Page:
criminal behavior—e.g., forgery, embezzlement, or fraud—is typically nonviolent. There is a conscious intent to return or repay the money.
Associated features. These individuals most often are overconfident, somewhat abrasive, very energetic, and "big spenders"; but there are times when they show obvious signs of personal stress, anxiety, and depression.
Age at onset and course. The disorder usually begins in adolescence and waxes and wanes, tending to be chronic.
Impairment. The disorder is extremely incapacitating and results in failure to maintain financial solvency or provide basic support for oneself or one's family. The individual may become alienated from family and acquaintances and may lose what he or she has accomplished or attained in life.
Complications. Suicide attempts, association with fringe and illegal groups, and arrest for nonviolent crimes that may lead to imprisonment are among the possible complications.
Predisposing factors. These may include: loss of parent by death, separation, divorce, or desertion before the child is 15 years of age; inappropriate parental discipline (absence, inconsistency, or harshness); exposure to gambling activities as an adolescent; a high family value on material and financial symbols; and lack of family emphasis on saving, planning, and budgeting.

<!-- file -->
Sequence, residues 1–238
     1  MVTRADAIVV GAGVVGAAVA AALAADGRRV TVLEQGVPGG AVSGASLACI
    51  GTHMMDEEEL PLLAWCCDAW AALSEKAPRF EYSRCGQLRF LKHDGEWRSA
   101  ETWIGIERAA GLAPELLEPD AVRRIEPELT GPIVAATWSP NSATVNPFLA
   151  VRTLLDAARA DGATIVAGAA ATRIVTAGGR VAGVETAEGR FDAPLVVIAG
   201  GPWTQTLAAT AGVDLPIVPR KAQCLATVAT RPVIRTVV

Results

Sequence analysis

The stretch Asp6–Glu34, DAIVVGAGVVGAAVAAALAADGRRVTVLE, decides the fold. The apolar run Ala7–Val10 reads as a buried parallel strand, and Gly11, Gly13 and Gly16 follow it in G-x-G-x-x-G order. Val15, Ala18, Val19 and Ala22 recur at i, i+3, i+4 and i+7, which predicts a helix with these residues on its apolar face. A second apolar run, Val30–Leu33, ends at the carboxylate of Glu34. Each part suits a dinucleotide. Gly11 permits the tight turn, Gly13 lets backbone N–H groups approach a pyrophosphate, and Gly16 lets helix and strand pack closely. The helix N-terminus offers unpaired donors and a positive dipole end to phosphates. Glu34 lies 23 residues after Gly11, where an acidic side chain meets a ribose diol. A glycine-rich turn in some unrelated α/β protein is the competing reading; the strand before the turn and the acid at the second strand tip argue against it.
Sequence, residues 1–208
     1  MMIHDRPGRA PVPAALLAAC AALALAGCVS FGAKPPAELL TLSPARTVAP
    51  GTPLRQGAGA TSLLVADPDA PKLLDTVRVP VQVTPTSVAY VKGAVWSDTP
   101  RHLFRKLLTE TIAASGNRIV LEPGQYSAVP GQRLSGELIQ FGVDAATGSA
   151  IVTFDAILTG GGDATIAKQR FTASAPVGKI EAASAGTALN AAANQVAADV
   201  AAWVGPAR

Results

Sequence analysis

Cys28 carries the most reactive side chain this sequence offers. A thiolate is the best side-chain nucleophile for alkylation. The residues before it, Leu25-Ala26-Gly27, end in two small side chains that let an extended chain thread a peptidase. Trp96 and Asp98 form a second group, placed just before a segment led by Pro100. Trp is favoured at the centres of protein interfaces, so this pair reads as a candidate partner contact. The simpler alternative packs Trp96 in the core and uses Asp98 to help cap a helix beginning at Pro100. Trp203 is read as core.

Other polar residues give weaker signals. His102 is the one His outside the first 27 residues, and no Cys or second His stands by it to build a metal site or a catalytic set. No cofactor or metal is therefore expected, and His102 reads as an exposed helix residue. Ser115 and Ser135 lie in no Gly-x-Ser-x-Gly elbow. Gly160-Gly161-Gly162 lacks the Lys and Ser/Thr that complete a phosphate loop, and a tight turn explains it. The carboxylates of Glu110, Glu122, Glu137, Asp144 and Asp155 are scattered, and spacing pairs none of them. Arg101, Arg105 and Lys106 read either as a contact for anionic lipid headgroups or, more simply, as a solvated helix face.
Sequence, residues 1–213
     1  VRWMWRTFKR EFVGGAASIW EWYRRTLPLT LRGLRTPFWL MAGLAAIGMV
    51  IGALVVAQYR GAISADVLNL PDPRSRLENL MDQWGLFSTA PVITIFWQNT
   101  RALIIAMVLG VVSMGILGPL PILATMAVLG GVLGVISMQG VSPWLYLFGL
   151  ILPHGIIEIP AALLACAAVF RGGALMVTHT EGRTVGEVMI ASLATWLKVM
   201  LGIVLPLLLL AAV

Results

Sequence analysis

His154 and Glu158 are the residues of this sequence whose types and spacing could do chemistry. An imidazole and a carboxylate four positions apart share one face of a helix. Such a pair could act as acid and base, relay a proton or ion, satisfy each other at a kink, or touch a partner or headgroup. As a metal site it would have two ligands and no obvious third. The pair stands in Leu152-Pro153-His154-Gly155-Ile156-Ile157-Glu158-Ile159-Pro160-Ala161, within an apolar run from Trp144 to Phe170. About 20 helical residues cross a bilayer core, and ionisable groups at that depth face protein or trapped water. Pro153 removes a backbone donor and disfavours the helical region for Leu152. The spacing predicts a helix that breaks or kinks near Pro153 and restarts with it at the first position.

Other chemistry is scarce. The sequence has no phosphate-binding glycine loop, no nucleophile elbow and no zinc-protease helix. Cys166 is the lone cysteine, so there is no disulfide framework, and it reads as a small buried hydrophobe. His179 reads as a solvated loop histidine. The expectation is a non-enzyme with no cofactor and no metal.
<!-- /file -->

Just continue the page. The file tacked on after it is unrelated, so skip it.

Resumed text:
Prevalence. No information.
Sex ratio. The disorder is apparently more common among males than females.
Familial pattern. Pathological Gambling and Alcoholism are more common in the fathers of males and in the mothers of females with the disorder than in the general population.
Differential diagnosis. In social gambling, gambling with friends is engaged in mainly on special occasions and with predetermined acceptable losses.
During a manic or hypomanic episode loss of judgment and excessive gambling may follow the onset of the mood disturbance. When manic-like mood changes occur in Pathological Gambling they typically follow winning.
Problems with gambling are often associated with Antisocial Personality Disorder and in Pathological Gambling antisocial behavior is frequent. However, in Pathological Gambling any